Radionuclide brain imaging, by means of SPECT and PET, can help in understanding the pathophysiological basis of cognitive deficits. Previous FDG-PET studies have revealed a prevalence of posterior parietal and occipital hypometabolism in PDD subjects [45]. Recent studies have also demonstrated that specific patterns of cortical and subcortical metabolic abnormalities are associated with PD-MCI patients, characterized by reduced metabolism in the frontal and temporo-parieto-occipital regions [6]. PET imaging could also be a useful tool for evaluating brain metabolic changes over time. A longitudinal study evaluating glucose metabolism in non-demented PD patients found that those who converted to dementia several years later had a reduction in FDG uptake in visual association and posterior cingulate cortices at baseline compared with controls, concluding that these metabolic reductions could represent an early predictor of dementia [7]. Other research has also demonstrated that significant hypometabolism in the precunei and temporal areas may be associated with the onset of significant cognitive decline [8].

However, most previous studies have focused mainly on comparing the cerebral metabolism of PD patients with controls, the regional cerebral glucose metabolism features among the different cognitive states in PD, particularly PDD and PD-MCI, were poorly elucidated. Additionally, regional cerebral glucose metabolism in PD-MCI has not yet been investigated in a Chinese cohort. Therefore, in this study we used FDG-PET to characterize the metabolic differences between different cognitive states in PD.

Materials and Methods

Subjects

Sixty patients with PD were recruited from the Department of Neurology, Huashan Hospital, Fudan University, between March, 2011 and November, 2014. Before entering the study, all subjects were screened and clinically examined by two senior investigators of movement disorders. Based on the UK Brain Bank criteria [9], a diagnosis of PD was made in all subjects if the patients had ‘pure’ parkinsonism without a history of known causative factors such as encephalitis or neuroleptic treatment, and did not have supranuclear gaze abnormalities or ataxia. Cases with any history of cerebrovascular disease, metabolic disease, head injury, severe psychiatric illness, or with abnormal findings on MRI or CT were excluded from the study.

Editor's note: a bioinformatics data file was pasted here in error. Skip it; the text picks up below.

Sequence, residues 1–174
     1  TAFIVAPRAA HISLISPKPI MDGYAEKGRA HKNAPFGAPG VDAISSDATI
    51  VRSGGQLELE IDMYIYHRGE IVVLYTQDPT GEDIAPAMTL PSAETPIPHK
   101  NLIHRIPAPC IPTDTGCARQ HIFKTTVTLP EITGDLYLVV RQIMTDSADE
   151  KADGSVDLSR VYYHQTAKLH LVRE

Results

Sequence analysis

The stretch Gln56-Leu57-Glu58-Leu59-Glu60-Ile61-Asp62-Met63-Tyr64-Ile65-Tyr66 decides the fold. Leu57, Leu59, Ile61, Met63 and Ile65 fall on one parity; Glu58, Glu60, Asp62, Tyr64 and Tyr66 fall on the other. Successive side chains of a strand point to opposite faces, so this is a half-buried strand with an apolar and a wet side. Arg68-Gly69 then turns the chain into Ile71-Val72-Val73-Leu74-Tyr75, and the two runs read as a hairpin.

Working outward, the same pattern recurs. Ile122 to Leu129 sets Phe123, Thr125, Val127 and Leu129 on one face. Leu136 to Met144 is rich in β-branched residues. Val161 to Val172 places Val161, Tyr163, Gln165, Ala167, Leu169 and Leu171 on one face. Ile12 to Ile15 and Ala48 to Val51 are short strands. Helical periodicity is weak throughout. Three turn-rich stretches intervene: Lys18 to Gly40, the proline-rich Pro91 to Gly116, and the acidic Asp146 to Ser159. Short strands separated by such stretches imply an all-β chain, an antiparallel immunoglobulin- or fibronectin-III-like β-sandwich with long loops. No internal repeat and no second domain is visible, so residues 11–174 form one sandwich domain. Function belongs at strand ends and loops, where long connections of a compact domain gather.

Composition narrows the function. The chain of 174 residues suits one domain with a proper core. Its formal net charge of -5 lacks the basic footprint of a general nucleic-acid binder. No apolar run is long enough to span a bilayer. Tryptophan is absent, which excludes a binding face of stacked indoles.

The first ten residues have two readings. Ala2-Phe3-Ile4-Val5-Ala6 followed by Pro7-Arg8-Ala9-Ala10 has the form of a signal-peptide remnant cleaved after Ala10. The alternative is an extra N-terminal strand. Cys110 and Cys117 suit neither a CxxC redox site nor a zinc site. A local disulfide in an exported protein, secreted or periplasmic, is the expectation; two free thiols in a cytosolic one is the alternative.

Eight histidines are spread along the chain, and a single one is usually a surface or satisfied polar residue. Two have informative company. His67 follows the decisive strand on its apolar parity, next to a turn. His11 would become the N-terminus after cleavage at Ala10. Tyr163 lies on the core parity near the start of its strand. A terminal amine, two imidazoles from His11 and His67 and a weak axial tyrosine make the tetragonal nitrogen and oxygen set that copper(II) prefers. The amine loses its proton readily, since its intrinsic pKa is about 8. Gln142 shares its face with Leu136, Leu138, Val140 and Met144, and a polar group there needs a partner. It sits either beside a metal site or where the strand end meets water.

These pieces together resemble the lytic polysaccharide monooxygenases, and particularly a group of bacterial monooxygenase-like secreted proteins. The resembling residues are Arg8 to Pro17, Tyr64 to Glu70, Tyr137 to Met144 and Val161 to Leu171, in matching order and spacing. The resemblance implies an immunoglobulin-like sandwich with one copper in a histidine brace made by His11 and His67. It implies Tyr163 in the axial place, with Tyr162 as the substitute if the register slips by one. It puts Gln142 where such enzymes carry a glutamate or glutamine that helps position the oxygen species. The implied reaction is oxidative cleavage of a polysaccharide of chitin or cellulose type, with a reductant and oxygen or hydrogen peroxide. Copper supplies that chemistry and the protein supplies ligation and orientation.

All participants provided written informed consent in accordance with the Declaration of Helsinki. All aspects of the study were approved by the Human Studies Institutional Review Board, Huashan Hospital, Fudan University.

Clinical and neuropsychological evaluation

The patients were off anti-parkinsonian medications for at least 12h before clinical assessment. The severity and stage of the patient’s parkinsonism was evaluated using the Unified Parkinson’s Disease Rating Scale motor (UPDRS-III) subscore and the modified Hoehn and Yahr stage. To standardize data on medication use, we converted dosages of PD medications to total daily levodopa equivalent doses. None of the patients were treated with benzodiazepines, neuroleptics or antidepressants.

The patients underwent neuropsychological examination while on their routine medications. Global cognition was evaluated using the Mini Mental State Examination (MMSE) [10]. Depression was rated using the Geriatric Depression Rating Scale (GDS) [11]. Five specific cognitive domains were assessed by a complete neuropsychological battery. Attention and working memory were assessed utilizing the Symbol Digit Modality Test (SDMT) [12] and Trail Making Test A (TMT-A) [13]. Executive function was assessed utilizing Stroop Color-Word Test (CWT) [14] and Trail Making Test B (TMT-B) [13]. Language was assessed utilizing Boston Naming Test (BNT) and Animal Fluency Test (AFT) [15]. Memory was assessed utilizing Auditory Verbal Learning Test (AVLT) [16] and delayed recall of the Rey-Osterrieth Complex Figure Test [17]. Visuospatial function was assessed utilizing Clock Drawing Test [18] and copy task of Rey-Osterrieth Complex Figure test [17] (S1 Table).

The clinical diagnostic criteria for dementia in PD were applied to diagnose dementia in the present study [1920]. MCI was diagnosed according to the recommendations of the Movement Disorder Society (MDS) Task Force 2012 by Level 2 [21]. The performance on a cognitive test was considered abnormal if the score was 1.5 SDs below the norm. Impairment on at least 2 neuropsychological tests, represented by either 2 tests showing impairment in 1 cognitive domain or 1 test showing impairment in 2 different cognitive domains, was required. PD patients who did not fulfill the criteria for PD-MCI or PDD were classified as PD-NC.